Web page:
Below is a simple example that demonstrate how to define a DAG definition file, instantiate a Airflow DAG, and define the corresponding DAG structure using the various operators we described above.

When the DAG is rendered, we see the following graph view:


Graph View of the toy example DAG

 

ETL Best Practices To Follow

 


Image Credit: Building your craft takes practice, so it’s wise to follow best practices

Like any craft, writing Airflow jobs that are succinct, readable, and scalable requires practice. On my first job, ETL to me was just a series of mundane mechanical tasks that I had to get done. I did not see it as a craft nor did I know the best practices. At Airbnb, I learned a lot about best practices and I started to appreciate good ETLs and how beautiful they can be. Below, I list out a non-exhaustive list of principles that good ETL pipelines should follow:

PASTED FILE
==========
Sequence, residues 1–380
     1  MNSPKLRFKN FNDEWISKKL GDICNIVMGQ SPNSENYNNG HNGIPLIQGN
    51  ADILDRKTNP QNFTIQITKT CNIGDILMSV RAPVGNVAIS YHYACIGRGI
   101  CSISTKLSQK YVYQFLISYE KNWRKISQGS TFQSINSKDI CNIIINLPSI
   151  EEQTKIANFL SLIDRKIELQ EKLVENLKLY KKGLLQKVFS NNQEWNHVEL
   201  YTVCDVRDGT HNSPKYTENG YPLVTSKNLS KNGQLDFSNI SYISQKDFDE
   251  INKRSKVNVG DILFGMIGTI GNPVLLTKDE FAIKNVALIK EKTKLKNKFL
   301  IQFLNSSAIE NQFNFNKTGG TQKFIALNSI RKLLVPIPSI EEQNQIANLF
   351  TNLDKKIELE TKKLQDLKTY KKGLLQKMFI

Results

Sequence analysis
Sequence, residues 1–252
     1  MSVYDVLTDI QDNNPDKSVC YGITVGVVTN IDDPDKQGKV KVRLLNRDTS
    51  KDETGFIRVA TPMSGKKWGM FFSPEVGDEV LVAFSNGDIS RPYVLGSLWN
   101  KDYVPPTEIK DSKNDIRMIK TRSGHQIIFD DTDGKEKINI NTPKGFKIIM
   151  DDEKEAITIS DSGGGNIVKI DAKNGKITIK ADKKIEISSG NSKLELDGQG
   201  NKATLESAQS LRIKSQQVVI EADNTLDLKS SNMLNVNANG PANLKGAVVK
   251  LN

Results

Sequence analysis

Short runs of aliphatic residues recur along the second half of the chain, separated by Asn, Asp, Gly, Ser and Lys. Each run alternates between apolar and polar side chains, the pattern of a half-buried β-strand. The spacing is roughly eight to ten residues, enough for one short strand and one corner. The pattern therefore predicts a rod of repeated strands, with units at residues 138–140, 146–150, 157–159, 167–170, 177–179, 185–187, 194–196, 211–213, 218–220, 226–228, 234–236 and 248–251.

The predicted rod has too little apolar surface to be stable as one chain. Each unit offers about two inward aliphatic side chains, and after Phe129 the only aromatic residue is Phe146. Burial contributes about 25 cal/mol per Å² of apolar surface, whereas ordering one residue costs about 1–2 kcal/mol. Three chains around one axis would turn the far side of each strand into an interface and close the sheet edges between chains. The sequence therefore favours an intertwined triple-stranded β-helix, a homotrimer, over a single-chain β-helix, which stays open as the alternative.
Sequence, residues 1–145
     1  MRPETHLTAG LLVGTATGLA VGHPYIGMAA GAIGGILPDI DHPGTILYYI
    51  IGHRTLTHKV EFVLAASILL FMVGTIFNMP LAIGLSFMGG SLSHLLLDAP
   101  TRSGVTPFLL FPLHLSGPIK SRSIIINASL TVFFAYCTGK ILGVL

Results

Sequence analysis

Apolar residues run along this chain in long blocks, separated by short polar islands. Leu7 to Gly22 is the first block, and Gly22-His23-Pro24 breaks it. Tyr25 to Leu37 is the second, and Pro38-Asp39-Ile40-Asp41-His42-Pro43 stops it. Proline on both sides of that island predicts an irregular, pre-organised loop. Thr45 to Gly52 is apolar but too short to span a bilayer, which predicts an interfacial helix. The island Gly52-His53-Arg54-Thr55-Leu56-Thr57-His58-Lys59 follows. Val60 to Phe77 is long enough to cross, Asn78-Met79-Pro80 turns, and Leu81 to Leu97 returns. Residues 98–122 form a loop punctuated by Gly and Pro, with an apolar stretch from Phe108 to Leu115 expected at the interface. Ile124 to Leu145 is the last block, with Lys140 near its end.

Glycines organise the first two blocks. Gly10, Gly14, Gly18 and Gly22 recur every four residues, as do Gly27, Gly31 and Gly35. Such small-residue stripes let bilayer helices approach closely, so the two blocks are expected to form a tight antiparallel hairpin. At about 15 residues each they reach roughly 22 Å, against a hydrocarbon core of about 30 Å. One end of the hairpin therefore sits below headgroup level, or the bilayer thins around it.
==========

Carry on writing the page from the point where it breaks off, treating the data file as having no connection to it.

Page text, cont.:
• Partition Data Tables: As we mentioned earlier, data partitioning can be especially useful when dealing with large-size tables with a long history. When data is partitioned using datestamps, we can leverage dynamic partitions to parallelize backfilling.

  • Load Data Incrementally: This principle makes your ETL more modular and manageable, especially when building dimension tables from the fact tables. In each run, we only need to append the new transactions to the dimension table from previous date partition instead of scanning the entire fact history.

  • Enforce Idempotency: Many data scientists rely on point-in-time snapshots to perform historical analysis. This means the underlying source table should not be mutable as time progresses, otherwise we would get a different answer. Pipeline should be built so that the same query, when run against the same business logic and time range, returns the same result. This property has a fancy name called Idempotency.